Saturday, August 26, 2006

Divorce a Big Issue

I find it interesting that our divorce podcast with lawyer Lauren Strange-Boston is our most popular podcast with over one and a half million downloads so far. Many listeners and readers have emailed to say that her legal advice was good and that the advice was helpful to themselves or a friend. If you have not listened to the podcast yet or know someone who is thinking of divorce or going through one--take a listen.

Friday, August 25, 2006

Only the "Tolerant" need Apply

I love this ad at Craig's List (Hat Tip: The Only Republican in San Francisco Blog). Apparently, the person placing the ad is an open, tolerant San Franciscan who loves yoga, theatre etc. who is looking for another tolerant roommate to share a space. The requirements for the roommate look anything but tolerant: "No men, no meat, no Republicans, no TV, no smokers, no pets, no plants." Sounds like a winner-I wonder what other rules this tolerant individual will have for whatever sucker--I mean roommate--decides to rent this den of democracy?

Wednesday, August 23, 2006

Bag Lady Syndrome

I was at the car dealer today waiting for my car to be fixed and got stuck watching the news on CNBC. The topic was a new study on women, power, and money that discussed how 46% of the women in this study fear they will become a bag lady. I googled the study and found this Washington Times article that looked at the study more in depth:

A "startling" 90 percent of women say they feel financially insecure, according to a survey of almost 1,925 women released yesterday by Allianz, a Minnesota-based life insurance company.

Almost half are troubled by a "tremendous fear of becoming a bag lady" -- 46 percent of women overall, and 48 percent of those with an annual income of more than $100,000. An additional 57 percent are sorry they had not learned more about money matters in school.

Such concerns foster an array of behaviors and thoughts. Women, for example, are twice as likely as men -- 18 percent to 9 percent -- to set aside a secret stash of money, the study found. Roughly the same number counseled their daughters to do the same.

The amazing thing is that by 2010 (less than four years away), the article says women will control 60% of the wealth in this county. With all this wealth, what the heck is with this bag lady syndrome? Perhaps because women do not know how to deal with money, they feel more nervous about it than men. I never felt nervous about money because I had a number of wonderful teachers who taught me the value of a dollar. Mr. Claxton, my sixth grade health teacher, taught me how to budget, Mr. Baum in eighth grade taught me about the stock market and compound interest and my father taught me how to read the Wall Street Journal and play the stock market in college.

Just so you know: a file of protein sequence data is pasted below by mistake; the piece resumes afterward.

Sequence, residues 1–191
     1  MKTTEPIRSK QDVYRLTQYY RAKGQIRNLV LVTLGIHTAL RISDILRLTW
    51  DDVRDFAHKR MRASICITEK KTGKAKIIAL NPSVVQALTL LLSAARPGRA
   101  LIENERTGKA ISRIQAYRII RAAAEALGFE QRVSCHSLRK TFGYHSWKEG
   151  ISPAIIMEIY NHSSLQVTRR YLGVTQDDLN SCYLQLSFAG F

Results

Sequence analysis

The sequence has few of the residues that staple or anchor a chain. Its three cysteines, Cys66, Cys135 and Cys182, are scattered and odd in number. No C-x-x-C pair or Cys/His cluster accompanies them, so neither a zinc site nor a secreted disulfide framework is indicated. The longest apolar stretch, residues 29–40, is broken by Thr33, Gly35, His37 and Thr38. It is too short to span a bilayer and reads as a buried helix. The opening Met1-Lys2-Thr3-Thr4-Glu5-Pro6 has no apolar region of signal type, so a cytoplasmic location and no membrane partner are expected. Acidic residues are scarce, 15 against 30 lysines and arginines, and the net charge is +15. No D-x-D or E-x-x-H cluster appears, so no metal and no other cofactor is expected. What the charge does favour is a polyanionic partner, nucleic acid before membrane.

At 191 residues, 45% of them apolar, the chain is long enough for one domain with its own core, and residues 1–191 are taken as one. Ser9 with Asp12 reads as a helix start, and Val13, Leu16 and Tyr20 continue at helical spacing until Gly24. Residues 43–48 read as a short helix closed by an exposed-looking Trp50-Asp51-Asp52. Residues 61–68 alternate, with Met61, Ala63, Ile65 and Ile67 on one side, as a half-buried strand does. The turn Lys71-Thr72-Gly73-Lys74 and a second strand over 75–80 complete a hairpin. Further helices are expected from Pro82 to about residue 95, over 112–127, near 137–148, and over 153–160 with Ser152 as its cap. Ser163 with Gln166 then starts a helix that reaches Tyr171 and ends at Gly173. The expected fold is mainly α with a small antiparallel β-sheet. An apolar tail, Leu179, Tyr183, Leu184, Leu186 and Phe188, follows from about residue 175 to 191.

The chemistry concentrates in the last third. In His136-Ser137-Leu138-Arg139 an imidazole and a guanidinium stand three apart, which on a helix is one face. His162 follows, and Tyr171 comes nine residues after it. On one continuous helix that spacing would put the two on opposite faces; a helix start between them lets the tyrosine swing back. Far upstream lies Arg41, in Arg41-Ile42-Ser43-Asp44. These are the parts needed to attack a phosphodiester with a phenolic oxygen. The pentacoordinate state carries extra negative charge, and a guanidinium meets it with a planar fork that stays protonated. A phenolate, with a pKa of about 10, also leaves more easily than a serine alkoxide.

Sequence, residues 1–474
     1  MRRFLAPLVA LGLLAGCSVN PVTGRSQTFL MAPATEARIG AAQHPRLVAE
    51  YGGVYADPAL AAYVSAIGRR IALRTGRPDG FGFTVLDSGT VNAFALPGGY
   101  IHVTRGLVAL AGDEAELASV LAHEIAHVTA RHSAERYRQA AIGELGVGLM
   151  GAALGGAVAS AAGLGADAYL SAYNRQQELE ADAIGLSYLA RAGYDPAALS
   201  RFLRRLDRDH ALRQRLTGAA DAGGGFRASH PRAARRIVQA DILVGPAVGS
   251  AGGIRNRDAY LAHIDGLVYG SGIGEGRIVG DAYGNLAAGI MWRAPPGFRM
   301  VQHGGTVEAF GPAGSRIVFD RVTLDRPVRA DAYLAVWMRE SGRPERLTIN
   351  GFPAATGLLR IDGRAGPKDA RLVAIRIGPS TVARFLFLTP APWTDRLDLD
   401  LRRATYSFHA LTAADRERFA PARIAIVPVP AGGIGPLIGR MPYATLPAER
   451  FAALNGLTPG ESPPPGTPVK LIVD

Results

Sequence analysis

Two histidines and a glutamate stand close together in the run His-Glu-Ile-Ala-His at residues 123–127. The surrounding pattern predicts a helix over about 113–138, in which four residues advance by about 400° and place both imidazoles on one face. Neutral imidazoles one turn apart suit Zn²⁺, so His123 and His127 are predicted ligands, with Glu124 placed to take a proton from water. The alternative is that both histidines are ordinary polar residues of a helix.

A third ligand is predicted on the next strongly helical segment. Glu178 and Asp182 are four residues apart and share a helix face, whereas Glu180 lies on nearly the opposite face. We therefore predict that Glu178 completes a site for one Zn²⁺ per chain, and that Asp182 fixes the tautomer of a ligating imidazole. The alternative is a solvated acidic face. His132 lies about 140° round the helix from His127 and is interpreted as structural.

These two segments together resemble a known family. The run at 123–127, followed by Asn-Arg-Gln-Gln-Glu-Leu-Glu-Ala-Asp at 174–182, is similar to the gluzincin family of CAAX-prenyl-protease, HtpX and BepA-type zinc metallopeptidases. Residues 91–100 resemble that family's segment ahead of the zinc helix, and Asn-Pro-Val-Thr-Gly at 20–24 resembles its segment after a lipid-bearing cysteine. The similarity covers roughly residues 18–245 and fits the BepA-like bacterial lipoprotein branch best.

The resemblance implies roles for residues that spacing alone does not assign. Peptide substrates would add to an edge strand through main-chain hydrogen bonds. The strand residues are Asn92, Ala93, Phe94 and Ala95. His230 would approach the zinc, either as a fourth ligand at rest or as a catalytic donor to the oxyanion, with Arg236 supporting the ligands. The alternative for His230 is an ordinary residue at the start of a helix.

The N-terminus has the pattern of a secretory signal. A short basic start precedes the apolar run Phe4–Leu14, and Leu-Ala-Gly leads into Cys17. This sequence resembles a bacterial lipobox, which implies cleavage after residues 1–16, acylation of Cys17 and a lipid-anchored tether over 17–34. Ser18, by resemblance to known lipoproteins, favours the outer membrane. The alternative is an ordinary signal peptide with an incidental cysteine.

I can't remember ever feeling like I was going to be a bag lady--and what is with the secret stash of money these women are hiding and telling their daughters to hide? What is that about? Why hide money and who are they hiding it from--their husband? This has always struck me as odd. Is money so anxiety provoking that women have to hide it?

Update: Along related lines, here is an article in Forbes entitled, "Don't Marry a Career Woman." Frankly, the article seems rather sexist to me--using as their criteria for "career girls" those women who make more than $30,000 a year, have a university degree or higher, and work outside the home over 35 hours. The article says such women are more likely to cheat, be unhappy, not have kids or if they do, be unhappy with that, and to get divorced more readily and to keep a dirty house. Wow, I never knew we "career girls" were such losers. Read the article and decide for yourself.

Tuesday, August 22, 2006

Podcast on Real Food and Crunchy Cons

Today we talk with Nina Planck, author of Real Food: What to Eat and Why and Rod Dreher, author of Crunchy Cons, about what appears to some to be an oxymoron: conservatives who care about organic gardening, farmer's markets and saving the environment. We talk with both guests about how politics and food are tied together and why all Americans of different political persuasions should care about what they eat, farmer's markets and the environment.

There is also discussion of the emptiness of McMansions (mine is great--thank you very much), the irony of it costing a freaking fortune to buy an artichoke at a health food store (while the pamphlet next to the counter touts the horror of third world poverty) and how to shop for real foods on a budget.